How do I explain what it feels like being in a Jewish country? I am an American through and through, but I am an American Jew, which means I’ve lived my life as a minority in a majority Christian country. Thankfully, although antisemitism is a persistent reality and increasingly so right now, I have rarely experienced it personally. Nonetheless, I am almost always aware that my holidays, religious practices, and family background are not the norm in America. I remember how hard it was to explain to my young children with Christmas envy why we couldn’t have a Christmas tree and why Santa would not be coming to our house. I remember when I was a doctoral student and missed two consecutive weekly sessions of a seminal course because of Passover and the professor said he had had lots of Jewish students and none of them had to miss classes for Passover. I write all this to help explain how amazing it feels to be a Jew in the majority in Israel.
On Fridays, everyone says goodbye with Shabbat shalom wishing sabbath peace to all. It never fails to touch me. As a family, we’ve never gone out on Friday nights, which sometimes wasn’t easy for us or our kids. Friday night Shabbat dinner has always been sacrosanct for our family. In Israel, that’s the norm. Just about everyone, religious or not, spends Friday evening with family. Tomorrow, we go to Haifa and my cousin’s children and grandchildren will be there for dinner and they are secular Jews. Shabbat dinner with family is simply part of the fabric of life here.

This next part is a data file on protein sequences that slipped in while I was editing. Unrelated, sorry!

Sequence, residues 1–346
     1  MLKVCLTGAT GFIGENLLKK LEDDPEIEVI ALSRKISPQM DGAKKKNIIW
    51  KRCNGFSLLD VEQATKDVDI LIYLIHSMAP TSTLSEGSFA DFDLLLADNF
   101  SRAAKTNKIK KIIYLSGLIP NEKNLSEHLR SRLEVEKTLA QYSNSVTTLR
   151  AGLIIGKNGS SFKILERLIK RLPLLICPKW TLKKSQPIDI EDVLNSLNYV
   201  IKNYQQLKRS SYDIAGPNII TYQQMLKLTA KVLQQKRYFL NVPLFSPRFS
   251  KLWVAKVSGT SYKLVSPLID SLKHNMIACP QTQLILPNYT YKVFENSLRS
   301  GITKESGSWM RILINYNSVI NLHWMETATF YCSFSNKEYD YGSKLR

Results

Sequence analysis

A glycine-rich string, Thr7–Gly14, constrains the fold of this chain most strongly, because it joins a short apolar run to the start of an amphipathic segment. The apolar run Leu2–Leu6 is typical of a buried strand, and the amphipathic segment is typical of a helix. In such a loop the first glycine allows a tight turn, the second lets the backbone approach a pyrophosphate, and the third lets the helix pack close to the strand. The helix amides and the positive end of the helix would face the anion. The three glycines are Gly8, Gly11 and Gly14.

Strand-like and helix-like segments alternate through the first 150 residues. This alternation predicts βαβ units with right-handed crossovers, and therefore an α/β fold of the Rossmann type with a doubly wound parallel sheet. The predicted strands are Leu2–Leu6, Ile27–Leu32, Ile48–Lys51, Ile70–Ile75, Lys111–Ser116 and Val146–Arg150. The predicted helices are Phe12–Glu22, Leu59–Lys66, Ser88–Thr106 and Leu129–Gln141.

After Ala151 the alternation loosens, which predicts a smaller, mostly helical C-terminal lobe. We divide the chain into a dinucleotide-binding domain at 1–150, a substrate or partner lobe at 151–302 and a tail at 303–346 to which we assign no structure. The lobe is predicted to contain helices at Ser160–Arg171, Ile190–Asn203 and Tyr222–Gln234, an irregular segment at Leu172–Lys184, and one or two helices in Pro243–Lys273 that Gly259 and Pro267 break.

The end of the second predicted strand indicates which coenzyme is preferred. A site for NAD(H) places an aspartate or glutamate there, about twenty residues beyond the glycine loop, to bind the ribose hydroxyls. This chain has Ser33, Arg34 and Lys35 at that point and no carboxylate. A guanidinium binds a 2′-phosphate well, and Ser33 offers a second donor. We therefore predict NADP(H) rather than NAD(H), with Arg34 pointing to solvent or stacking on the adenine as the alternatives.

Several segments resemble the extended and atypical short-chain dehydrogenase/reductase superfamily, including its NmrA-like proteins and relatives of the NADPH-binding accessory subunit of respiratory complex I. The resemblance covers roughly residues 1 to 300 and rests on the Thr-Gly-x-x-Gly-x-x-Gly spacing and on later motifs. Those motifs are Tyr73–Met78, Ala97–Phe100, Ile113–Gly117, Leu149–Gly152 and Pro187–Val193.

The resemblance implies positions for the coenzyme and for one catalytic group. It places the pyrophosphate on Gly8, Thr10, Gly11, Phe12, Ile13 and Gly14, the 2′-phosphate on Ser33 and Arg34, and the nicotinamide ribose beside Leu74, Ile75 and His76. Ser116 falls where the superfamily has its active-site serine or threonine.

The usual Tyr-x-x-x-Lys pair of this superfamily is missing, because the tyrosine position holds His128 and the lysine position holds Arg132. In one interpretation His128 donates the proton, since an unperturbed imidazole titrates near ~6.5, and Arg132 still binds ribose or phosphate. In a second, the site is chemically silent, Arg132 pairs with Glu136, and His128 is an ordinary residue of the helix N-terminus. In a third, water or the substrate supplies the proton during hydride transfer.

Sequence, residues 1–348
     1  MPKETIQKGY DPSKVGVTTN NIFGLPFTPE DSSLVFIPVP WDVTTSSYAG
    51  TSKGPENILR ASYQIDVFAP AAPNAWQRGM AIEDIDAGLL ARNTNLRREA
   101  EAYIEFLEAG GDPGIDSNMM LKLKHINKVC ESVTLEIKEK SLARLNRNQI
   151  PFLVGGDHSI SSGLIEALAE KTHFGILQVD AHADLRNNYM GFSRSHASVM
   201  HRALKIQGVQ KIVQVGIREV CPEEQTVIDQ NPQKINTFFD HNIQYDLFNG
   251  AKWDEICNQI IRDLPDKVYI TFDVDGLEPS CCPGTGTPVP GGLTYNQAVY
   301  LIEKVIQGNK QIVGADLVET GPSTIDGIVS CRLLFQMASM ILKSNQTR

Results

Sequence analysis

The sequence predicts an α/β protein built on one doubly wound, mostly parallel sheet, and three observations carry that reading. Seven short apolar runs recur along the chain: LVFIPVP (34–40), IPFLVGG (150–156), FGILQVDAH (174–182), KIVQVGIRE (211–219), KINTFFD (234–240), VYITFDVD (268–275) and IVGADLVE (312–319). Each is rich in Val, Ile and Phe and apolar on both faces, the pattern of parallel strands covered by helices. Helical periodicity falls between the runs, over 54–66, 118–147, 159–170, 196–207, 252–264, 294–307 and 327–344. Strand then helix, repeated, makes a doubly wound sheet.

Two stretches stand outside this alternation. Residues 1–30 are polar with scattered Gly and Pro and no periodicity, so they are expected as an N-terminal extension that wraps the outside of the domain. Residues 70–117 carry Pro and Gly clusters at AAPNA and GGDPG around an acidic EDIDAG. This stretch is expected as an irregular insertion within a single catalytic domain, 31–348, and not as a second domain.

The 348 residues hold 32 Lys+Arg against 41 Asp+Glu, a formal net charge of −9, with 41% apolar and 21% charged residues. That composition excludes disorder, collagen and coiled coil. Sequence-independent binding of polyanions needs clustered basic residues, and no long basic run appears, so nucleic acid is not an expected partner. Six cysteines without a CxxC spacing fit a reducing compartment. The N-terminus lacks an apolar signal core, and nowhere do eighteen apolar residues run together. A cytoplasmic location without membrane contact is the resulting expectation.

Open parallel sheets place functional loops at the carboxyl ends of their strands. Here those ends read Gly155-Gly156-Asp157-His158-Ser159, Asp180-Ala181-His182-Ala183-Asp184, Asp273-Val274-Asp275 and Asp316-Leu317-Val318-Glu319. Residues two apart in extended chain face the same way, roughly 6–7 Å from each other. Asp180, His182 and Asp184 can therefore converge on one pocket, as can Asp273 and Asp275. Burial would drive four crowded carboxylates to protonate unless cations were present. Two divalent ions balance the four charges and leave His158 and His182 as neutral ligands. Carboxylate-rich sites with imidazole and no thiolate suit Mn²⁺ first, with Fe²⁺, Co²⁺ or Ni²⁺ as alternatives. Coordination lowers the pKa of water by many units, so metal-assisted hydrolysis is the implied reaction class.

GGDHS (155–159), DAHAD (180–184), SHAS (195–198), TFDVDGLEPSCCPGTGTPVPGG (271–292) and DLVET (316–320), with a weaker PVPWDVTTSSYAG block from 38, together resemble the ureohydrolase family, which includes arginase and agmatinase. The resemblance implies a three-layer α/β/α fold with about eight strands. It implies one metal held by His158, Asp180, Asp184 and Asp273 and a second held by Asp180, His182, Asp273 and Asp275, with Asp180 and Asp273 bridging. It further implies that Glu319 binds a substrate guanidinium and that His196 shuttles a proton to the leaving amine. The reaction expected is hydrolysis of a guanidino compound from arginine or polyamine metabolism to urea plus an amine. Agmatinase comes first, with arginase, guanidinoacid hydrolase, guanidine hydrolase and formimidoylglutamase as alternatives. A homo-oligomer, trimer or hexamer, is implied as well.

Today is Purim, the Jewish holiday that celebrates the triumph of the Jews over antisemitism perpetrated by Haman in Shushan Persia. It’s all in the scroll of Esther (Megillat Esther), but as we joke, it can summed up as a classic Jewish holiday- they tried to kill us, we won, let’s eat. Purim is a joyous holiday- a bit like Halloween on steroids in terms of costumes and gifts of food and celebration. Chuck and I went to a crowded, joyful synagogue last night to hear the megillah read and today we walked all over the city, soaking up the Purim scene in Tel Aviv. Everyone is out celebrating and parading in costume. Here are some pictures to give you a sense of what it’s been like.
Of course living here for six weeks means we can mostly ignore the horrible politics, the ever present threat of war, and the high cost of living here. That allows us to bask in the wonderful feeling of being at home, as Jews in the land of Israel. I’ll take it. Happy Purim to you all!